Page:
Watching ”The Wendigo” reminded me of how entertaining ”CHARMED” could be during its early seasons. Before the writing in the series began to decline at a serious rate. Before the dark times. With the entire series now on DVD and airing as reruns on TNT, fans have a constant reminder of its glory days . . . including episodes like ”The Wendigo”.
Friday, August 3, 2018
"BEAUTIFUL CREATURES" (2013) Review
In the tradition of the HARRY POTTER and TWILIGHT franchises, Hollywood has embarked upon another adaptation of a fantasy tale for children and young adults. This 2013 adolescent fantasy is an adaptation of a novel called "Beautiful Creatures".
The novel, written by Kami Garcia and Margaret Stohl, was published in 2009 and is considered the first in what should prove to be a literary series called Caster Chronicles. After Summit Entertainment's success with the TWILIGHT movie franchise and Warner Brothers' success with the HARRY POTTER films, the latter studio released BEAUTIFUL CREATURES to the movie theaters. Both the movie and the novel told the story about a teenager named Ethan Wate, who longs to escape the boredom of his South Carolina hometown, Gatlin. However, Ethan's boredom disappears when he meets a mysterious new girl named Lena Duchannes. Not only do Ethan and Lena uncover dark secrets about their respective families, their town and especially their history that stretches back to the Civil War; Ethan discovers that Lena and members of her family are magic practitioners - who are known in their world as "casters".
Lena's talent as a "caster" also serves as an obstacle to her romance with Ethan. Her Uncle Macon Ravenwood disapproves of their growing romance and conspires with Ethan's family friend, Amma; to keep the two separated. Ethan learns that on Lena's 16th birthday, her true nature will steer her towards a light or dark path. And Lena fears of being consumed by evil and hurting those she loves. Even worse, the arrival of two powerful dark casters from the family hope to push Lena towards evil - her provocative cousin Ridley and her mother Sarafine, who forsees Lena becoming an even more powerful caster. Only Ethan believes that that Lena can determine her moral fate, due to her own choices.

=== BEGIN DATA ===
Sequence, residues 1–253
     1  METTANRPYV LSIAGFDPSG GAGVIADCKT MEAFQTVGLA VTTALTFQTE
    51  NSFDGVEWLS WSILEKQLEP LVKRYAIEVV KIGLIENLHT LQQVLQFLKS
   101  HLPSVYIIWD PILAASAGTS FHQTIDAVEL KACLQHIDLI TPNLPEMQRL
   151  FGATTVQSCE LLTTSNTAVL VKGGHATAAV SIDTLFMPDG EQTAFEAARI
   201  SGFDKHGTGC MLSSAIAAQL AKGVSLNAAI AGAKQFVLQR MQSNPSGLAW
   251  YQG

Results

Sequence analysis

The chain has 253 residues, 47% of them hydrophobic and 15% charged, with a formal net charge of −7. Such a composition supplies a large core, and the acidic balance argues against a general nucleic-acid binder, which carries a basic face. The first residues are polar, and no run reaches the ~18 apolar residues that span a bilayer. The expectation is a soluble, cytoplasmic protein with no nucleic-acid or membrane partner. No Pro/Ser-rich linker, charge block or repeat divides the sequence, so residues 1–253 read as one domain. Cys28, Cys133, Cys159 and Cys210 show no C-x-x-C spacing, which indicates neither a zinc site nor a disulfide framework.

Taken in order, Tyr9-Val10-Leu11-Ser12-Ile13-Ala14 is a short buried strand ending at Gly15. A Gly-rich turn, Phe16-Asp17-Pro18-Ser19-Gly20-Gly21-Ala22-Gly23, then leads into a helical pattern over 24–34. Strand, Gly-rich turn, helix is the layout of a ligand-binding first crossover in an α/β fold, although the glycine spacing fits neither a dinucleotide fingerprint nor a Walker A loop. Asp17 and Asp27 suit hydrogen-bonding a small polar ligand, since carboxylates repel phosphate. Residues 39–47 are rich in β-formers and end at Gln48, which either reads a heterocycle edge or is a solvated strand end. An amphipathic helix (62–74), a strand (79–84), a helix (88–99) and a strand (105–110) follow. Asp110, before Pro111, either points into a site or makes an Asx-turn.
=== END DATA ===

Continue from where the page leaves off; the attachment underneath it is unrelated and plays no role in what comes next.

I must admit that I really had no interest in seeing "BEAUTIFUL CREATURES". When I saw its trailer, the movie struck me as another one of those adolescent fantasies along the lines of the TWILIGHT franchise. But with nothing to do that particular weekend, I felt bored and realized that I had not experienced a first viewing of a movie since the holiday season. So, I went to see it. To my surprise, I actually enjoyed it. I cannot say that "BEAUTIFUL CREATURES" is one of the best fantasy romances I have ever seen. And it did not strike me as particularly original. But I did enjoyed it.
As I had stated earlier, "BEAUTIFUL CREATURES" does not strike me as an original film. It reminded me of numerous movie and television productions in which one half of a teen romance has magical or supernatural abilities. Two, I was a little disappointed that of all the "casters" in the film, audiences never saw Ethan's friend, Amma, display her magical abilities. The script made a big deal in building up Amma's abilities. But in the end, the script never really delivered. And three, the whole idea of a "caster" being steered to one particular moral path after a certain period of time unpleasantly reminded me of that infantile 48 Hours Window of Opportunity rule from the television series, "CHARMED". Fortunately, "BEAUTIFUL CREATURES" rose above such simple-minded nonsense by the end of the movie. Speaking of the movie's finale, I must admit that I was not that impressed by Lena's final confrontation with her mother, Sarafine. It almost struck me as anti-climatic and its ending left a sour taste in my mouth.